Dietrich Brüggemann on “Heil”

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In the fall of 2014, I was covering the Chicago International Film Festival when I stumbled upon Dietrich Brüggemann’s German drama “Stations of the Cross.” It was a shattering portrait of misguided faith featuring superb performances from Franziska Weisz and newcomer Lea van Acken, who went on to star in the first German adaptation of “The Diary of Anne Frank” (which premiered at this year’s Berlinale to much acclaim). “Stations” ranked high on my Top 10 list of 2014, and has since then become one of my all-time favorite films. I reached out to Brüggemann soon after seeing the movie, and he was gracious enough to give me his first U.S. interview, which I published on Indie Outlook.

Brüggemann’s latest film is “Heil,” a dizzyingly audacious satire about modern day Neo-Nazis that garnered German Film Critics Awards for Best Screenplay and Best Editing. I was startled to find its portrayal of rampant idiocy oddly relatable, considering how my country is currently going through an election that feels like a satire in itself. Donald Trump’s stated gratitude toward his “poorly educated” supporters, combined with the endorsement he received from the Ku Klux Klan, are scenarios that would fit right at home in an American version of “Heil.” When I asked Brüggemann about his thoughts regarding Trump, as well as the recent comments made by Anne Frank’s stepsister comparing him to Hitler, he quipped, “Donald who?”

After viewing “Heil”—which has yet to acquire an American distributor (and richly deserves one)—I spoke with Brüggemann via e-mail about media-fueled hysteria, German comedy and “the little idiot” that resides in us all.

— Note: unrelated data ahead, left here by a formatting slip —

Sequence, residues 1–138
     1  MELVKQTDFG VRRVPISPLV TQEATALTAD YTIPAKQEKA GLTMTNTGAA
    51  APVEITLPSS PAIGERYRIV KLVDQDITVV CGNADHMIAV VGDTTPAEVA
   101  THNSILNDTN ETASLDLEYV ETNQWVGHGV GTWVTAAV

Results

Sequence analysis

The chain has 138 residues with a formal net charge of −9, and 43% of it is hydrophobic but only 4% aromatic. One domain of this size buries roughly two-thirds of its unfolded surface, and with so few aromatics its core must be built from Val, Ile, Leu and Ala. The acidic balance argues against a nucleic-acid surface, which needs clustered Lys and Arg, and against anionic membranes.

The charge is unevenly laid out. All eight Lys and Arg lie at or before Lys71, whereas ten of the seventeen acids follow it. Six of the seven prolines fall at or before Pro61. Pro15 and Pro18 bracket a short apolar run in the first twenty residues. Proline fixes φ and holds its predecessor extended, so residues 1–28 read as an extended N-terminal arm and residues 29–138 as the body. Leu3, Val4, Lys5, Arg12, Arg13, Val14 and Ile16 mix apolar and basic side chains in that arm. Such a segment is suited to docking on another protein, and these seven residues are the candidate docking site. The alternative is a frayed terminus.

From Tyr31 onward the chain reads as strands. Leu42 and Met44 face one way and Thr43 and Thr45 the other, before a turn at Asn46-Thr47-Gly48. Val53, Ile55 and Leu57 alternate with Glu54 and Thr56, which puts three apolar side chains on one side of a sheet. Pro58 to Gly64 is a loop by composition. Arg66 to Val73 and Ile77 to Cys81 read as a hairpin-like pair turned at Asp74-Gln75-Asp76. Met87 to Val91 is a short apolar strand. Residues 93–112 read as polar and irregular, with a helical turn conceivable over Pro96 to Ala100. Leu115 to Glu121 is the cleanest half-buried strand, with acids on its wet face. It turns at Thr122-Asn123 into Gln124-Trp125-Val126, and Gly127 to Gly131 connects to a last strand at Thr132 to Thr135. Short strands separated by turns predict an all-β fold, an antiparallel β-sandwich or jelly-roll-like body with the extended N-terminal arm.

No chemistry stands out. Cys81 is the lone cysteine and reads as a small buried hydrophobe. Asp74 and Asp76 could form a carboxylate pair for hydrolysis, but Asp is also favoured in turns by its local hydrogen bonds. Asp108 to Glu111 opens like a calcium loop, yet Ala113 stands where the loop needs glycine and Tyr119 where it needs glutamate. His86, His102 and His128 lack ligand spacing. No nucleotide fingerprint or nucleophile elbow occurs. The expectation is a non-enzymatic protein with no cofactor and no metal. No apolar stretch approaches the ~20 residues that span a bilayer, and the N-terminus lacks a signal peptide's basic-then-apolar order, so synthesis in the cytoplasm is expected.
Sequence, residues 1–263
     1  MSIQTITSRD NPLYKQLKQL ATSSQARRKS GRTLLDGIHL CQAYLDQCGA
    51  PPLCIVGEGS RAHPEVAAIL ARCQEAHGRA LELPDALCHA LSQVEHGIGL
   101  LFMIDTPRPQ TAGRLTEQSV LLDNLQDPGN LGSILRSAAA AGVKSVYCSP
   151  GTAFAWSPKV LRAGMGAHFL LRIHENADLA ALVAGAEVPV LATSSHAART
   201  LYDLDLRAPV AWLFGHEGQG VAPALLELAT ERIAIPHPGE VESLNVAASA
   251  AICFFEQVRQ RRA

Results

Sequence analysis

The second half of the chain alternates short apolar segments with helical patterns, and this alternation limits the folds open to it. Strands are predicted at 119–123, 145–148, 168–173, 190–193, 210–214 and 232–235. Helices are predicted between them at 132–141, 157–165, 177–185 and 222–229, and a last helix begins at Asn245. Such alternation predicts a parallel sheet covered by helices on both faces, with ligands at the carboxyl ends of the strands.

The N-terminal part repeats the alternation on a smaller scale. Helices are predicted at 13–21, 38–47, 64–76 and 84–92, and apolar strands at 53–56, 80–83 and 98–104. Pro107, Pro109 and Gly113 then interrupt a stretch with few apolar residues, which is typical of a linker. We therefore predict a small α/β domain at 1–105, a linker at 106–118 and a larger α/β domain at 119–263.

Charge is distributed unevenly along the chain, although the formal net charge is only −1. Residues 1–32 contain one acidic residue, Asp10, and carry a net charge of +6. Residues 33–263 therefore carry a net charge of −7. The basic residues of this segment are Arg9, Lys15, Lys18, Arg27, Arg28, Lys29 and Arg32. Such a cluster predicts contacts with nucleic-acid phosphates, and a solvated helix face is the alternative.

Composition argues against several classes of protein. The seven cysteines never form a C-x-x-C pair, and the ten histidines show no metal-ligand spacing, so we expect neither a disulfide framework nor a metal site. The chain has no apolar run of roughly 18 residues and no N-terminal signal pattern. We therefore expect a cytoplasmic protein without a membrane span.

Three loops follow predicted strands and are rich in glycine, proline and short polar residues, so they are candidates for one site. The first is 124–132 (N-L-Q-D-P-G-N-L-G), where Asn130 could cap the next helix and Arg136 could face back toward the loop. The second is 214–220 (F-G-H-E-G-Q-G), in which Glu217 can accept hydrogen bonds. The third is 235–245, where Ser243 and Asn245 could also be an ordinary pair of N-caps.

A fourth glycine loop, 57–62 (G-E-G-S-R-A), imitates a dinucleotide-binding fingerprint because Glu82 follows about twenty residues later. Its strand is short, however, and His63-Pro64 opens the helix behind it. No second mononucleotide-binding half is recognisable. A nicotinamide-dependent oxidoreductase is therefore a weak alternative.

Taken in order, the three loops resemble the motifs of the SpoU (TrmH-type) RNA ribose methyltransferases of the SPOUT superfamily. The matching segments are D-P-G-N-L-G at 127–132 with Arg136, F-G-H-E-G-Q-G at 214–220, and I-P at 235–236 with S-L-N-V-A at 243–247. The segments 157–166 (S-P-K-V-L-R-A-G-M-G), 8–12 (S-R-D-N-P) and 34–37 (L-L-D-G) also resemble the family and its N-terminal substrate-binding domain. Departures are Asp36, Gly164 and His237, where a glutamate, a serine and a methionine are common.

I love the use of humor in your celebrated short film, “One Shot,” as each level of artifice is revealed and deconstructed. Who would you cite as some of your comedic influences?

Monty Python’s Flying Circus. All four seasons. Playing in an infinite loop. And Woody Allen, likewise. And some Germans you never heard about. And Flann O’Brien. Lubitsch, Wilder, and last but not least: Zucker/Abrahams/Zucker, who were underrated masters of intellectual deconstruction.

What particular aspects about the Coen Brothers’ “Burn After Reading” inspired your own “league of morons” in “Heil”? There are also dashes of the Three Stooges in some of the slapstick, as characters lose all sense of self after getting smacked in the head.

I only saw [“Burn After Reading”] once, but the whole tone felt liberating, like: Hey, it’s possible to make a movie where everybody is an idiot! I’m not too familiar with the Three Stooges, I must admit, but whenever I bump into them, I like them a lot. I guess there are also traces of Danny Kaye’s “The Court Jester” in “Heil.” And I play a lot of piano to silent films, so I’m on friendly terms with Roscoe Arbuckle and Buster Keaton and you-name-them.

How is this film reflective of the right-wing extremism and Neo-Nazism in modern day Germany?

Plainly, I got most of what happens in the film from reading the papers. It’s scary, but I wouldn’t say it’s gonna take over the country. I’m confident that history doesn’t repeat old mistakes, but makes new ones.

How problematic has the German inland secret service proved to be, considering that it’s organized state-wise as 16 individual entities that often lack competent communication skills?